RELATED: 9 Keys To A Happy Retirement
6. Double Down on Your Debts
The best way to keep a positive cash flow? Crush your debts.
Debt can consume your income and take away the savings that could have gone to a catch-up contribution.
On top of living expenses and your holiday fund, consider that your withdrawals will be taxed. Taxes, on top of these expenses, will bring down your savings. Removing your debts out of the equation can lighten the burden on your shoulders and savings plans.
You may ask for tax help from the IRS. A certified volunteer might be able to give you a rough estimate of the tax range you can expect to pay.
7. Keep an Emergency Fund
An emergency fund is different from your retirement savings plans.
The purpose of an emergency fund is in the name. Your retirement savings plans may help keep you afloat during your golden years. But maintaining an emergency fund guarantees you stay afloat on rainy days.
Build an emergency fund that can last you for a couple of months. How much you set aside will depend on your living expenses and how much of your earnings you can afford to stash away.
8. Get Long-Term Care Insurance
In your advanced year, it pays to put a premium on your health.
While your retirement savings plans fund your daily living expenses and family trips, long-term care is dedicated to preserving your health.
According to the AARP, 25% of seniors 65 and above spend more than $50,000 in healthcare expenses. Applying for long-term care insurance may protect your retirement savings from going towards medical bills.
9. Move to a Retiree-Friendly State
Different states have different tax rules and regulations. Some states are more lenient than others.
There are some states that don’t tax social security benefits or pension payments. They may even be exempt from your taxable income.
Moving to a retiree-friendly state could be a financially strategic move that will help you keep most of your earnings intact. If you’re still working, then you may be interested to find that some states do not impose an income tax.
I hear Florida and Alaska are perfect this time of year—your golden ones.
10. The Conclusion of Retirement Planning: Mark Your Calendar for Your 72nd Birthday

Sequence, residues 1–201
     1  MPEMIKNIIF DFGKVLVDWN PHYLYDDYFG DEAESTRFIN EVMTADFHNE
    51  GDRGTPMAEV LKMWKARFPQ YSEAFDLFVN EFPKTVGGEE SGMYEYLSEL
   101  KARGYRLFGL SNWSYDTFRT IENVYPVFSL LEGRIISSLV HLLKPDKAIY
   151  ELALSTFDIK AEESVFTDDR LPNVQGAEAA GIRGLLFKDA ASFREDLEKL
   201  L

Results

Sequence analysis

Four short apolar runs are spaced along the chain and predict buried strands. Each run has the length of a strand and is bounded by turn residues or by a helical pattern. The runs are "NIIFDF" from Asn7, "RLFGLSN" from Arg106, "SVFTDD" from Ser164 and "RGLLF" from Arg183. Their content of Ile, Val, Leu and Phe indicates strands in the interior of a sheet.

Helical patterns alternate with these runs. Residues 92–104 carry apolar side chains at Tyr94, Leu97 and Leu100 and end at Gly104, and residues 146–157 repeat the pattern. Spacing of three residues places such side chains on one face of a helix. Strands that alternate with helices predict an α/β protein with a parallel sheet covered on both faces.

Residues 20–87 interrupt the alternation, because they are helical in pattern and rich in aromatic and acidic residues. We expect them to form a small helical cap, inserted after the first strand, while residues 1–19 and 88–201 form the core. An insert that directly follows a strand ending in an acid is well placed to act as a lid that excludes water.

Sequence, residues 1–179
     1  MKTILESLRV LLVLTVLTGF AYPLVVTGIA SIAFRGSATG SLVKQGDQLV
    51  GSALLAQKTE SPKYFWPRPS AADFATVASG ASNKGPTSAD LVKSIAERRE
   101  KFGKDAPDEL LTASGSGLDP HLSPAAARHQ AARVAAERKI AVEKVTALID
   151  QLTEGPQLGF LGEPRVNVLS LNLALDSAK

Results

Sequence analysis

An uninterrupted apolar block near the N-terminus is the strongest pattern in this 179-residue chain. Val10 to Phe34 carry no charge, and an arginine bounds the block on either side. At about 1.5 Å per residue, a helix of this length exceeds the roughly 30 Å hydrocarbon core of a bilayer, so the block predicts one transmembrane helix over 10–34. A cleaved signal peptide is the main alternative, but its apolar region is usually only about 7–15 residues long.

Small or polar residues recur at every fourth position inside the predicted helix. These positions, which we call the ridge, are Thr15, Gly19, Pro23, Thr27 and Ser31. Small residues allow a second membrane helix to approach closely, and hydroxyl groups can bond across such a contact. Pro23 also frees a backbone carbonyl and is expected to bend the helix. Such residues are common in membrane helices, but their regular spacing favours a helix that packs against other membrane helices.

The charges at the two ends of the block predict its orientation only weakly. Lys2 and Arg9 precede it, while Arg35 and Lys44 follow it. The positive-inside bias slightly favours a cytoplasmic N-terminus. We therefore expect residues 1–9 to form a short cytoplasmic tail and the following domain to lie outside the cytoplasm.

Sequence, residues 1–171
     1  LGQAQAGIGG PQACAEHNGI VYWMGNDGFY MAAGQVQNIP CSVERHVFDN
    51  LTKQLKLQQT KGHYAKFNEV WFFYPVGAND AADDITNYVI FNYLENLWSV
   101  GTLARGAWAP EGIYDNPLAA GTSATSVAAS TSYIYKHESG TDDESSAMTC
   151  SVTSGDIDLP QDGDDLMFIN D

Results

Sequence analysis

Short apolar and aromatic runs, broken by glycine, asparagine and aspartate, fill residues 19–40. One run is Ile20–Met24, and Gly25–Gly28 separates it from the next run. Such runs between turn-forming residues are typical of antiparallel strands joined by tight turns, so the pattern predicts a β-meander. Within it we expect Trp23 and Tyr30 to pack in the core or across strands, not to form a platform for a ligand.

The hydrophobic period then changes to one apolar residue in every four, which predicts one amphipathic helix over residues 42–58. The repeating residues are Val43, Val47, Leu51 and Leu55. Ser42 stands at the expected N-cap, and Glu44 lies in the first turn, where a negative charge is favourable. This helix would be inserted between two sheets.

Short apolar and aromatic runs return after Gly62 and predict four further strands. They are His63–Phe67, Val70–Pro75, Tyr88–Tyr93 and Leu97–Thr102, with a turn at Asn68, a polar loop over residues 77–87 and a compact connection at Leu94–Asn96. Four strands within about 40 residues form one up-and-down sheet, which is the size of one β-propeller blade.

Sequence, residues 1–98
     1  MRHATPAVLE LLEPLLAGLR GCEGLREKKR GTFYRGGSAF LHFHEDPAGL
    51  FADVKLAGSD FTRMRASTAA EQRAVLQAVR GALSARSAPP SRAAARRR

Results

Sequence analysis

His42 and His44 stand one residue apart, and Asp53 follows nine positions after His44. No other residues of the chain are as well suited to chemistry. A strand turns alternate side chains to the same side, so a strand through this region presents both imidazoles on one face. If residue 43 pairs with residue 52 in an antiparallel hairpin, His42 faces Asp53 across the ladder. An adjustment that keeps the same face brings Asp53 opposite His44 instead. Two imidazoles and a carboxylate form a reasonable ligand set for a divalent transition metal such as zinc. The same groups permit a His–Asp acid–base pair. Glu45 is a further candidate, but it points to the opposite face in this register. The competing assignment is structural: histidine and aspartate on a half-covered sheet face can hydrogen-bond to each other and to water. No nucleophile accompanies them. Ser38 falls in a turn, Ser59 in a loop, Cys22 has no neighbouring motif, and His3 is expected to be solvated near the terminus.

Your retirement road map will hit its milestone on your 72nd birthday.
When you reach 72 years of age, you need to start making withdrawals yearly.
Required minimum distributions, or withdrawals, set the lowest limit you can withdraw every year.
Can I Get Assistance with Retirement Planning?
Spreadsheets and financial statements aren’t everyone’s cup of tea.
Seek the assistance of financial advisors or professionals. The tax system can be complex, and navigating them can make your retirement seem more stressful. A financial advisor can help you avoid certain taxes (legally) and hit your target retirement age with your target savings.
The IRS also offers tax help for those who:
- are over 50 years of age
- earn less than $57,000 yearly
- have a disability
- have trouble speaking English
Dedicate your 50s to sorting out your retirement plans. Just set your target retirement date may give you something to look forward to.
Seek help from IRS-certified specialists, financial advisors, or other professionals if numbers and spreadsheets are intimidating. It’s understandable. The tax tables and changing rules and regulations can be difficult to grasp and keep up with.
But no matter how tedious a task it may seem, retirement planning is vital for your golden years to glimmer platinum.
Are you planning for retirement or do you just want to retire from planning? Did this article help allay some of your worries? Let us know in the comments section below.